The IEEE Thesaurus is a controlled vocabulary of about 9,700 descriptive engineering, technical, and scientific terms as well as IEEE-specific society terms. The thesaurus represents terminology and vocabulary usage drawn from IEEE transactions and journal articles, conference papers, and standards. The vocabulary uses American-based spellings with cross references to British variant spellings. The scope and structure of the IEEE Thesaurus reflect the engineering and scientific disciplines that comprise the societies, councils, and communities of IEEE in addition to the technologies IEEE serves.
The IEEE Thesaurus contains controlled vocabulary referred to as descriptors or preferred terms*. These descriptors are considered the preferred terms for index usage. Thesaurus construction is based on the ANSI/NISO Z39.19-2005 (R2010) standard, Guidelines for the Construction, Format, and Management of Monolingual Controlled Vocabularies. Each descriptor included in the thesaurus represents a single concept or unit of thought. The scope of the descriptors is based on the material as presented in IEEE periodical articles, conference papers, standards, and/or IEEE organizational material.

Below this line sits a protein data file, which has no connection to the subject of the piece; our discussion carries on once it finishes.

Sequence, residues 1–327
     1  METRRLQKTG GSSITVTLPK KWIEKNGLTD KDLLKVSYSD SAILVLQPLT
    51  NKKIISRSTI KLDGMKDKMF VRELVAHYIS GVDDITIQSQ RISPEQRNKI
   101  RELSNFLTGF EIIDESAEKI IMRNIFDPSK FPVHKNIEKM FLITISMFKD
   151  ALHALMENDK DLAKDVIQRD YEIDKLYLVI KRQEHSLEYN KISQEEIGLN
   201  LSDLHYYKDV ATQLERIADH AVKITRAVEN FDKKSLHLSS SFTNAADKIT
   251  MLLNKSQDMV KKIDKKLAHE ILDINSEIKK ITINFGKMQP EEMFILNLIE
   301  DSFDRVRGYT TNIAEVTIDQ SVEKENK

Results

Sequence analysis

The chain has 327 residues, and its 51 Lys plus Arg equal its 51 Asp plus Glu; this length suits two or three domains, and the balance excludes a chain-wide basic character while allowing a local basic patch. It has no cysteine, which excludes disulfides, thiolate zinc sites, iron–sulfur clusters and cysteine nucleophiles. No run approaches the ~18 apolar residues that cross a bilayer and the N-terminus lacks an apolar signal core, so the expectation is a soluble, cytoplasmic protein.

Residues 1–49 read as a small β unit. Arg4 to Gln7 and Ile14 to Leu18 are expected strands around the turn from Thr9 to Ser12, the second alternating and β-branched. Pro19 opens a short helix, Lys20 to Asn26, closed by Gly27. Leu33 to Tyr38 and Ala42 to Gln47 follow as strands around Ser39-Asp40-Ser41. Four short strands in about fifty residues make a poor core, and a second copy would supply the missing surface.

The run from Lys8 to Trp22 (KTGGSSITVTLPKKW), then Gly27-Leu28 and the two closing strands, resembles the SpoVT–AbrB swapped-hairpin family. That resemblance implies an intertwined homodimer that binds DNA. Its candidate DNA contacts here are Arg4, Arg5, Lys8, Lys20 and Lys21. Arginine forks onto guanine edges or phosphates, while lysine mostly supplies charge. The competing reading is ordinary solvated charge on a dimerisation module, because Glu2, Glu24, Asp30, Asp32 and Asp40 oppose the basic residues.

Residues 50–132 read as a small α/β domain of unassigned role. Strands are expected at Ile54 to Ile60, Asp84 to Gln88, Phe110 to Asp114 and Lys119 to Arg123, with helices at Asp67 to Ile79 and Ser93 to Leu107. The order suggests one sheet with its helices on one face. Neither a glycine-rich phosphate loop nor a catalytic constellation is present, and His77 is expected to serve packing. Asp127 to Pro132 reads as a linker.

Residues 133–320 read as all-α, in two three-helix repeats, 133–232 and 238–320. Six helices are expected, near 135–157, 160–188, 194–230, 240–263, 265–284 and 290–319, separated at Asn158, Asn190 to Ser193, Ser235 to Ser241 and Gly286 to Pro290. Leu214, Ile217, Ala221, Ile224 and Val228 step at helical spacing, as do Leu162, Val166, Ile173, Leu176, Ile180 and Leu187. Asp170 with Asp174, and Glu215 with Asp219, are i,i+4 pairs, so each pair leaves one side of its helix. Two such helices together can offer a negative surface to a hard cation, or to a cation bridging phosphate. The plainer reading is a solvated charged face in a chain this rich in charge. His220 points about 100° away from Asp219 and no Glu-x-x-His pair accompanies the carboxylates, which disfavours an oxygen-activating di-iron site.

The IEEE Thesaurus is a tool to improve and enhance the indexing and retrieval of articles and other material from IEEE periodicals, conferences, standards, and other publications that are made available on IEEE Xplore™. It provides a common and consistent language for authors, researchers and online discovery.
* Refer to ANSI/NISO Z39.19-2005(R2010) Sections 5 through 8 for detailed information on controlled vocabularies, display formats. usage and spelling, and selection criteria for descriptors. Also review the NISO standards.
If you wish to download the PDF of the current IEEE Thesaurus, please check out the Thesaurus Access page and review the Creative Commons License and user conditions.
The IEEE Thesaurus is in NISO format.**
** NISO Format: A text file providing preferred terms listed with all items in their term records and using the labels USE and UG instead of the text non-preferred.